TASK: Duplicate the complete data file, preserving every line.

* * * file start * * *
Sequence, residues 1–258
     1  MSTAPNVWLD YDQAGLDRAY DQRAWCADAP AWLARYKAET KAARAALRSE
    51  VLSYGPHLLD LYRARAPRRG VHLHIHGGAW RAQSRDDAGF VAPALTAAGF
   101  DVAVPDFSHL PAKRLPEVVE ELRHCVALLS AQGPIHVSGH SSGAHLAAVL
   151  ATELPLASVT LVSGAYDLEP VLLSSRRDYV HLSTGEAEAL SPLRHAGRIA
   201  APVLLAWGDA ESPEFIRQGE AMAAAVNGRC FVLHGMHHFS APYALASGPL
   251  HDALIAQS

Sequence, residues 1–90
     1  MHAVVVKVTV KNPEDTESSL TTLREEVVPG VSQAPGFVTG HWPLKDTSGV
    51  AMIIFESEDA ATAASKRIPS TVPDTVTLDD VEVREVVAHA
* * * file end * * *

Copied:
Sequence, residues 1–258
     1  MSTAPNVWLD YDQAGLDRAY DQRAWCADAP AWLARYKAET KAARAALRSE
    51  VLSYGPHLLD LYRARAPRRG VHLHIHGGAW RAQSRDDAGF VAPALTAAGF
   101  DVAVPDFSHL PAKRLPEVVE ELRHCVALLS AQGPIHVSGH SSGAHLAAVL
   151  ATELPLASVT LVSGAYDLEP VLLSSRRDYV HLSTGEAEAL SPLRHAGRIA
   201  APVLLAWGDA ESPEFIRQGE AMAAAVNGRC FVLHGMHHFS APYALASGPL
   251  HDALIAQS

Sequence, residues 1–90
     1  MHAVVVKVTV KNPEDTESSL TTLREEVVPG VSQAPGFVTG HWPLKDTSGV
    51  AMIIFESEDA ATAASKRIPS TVPDTVTLDD VEVREVVAHA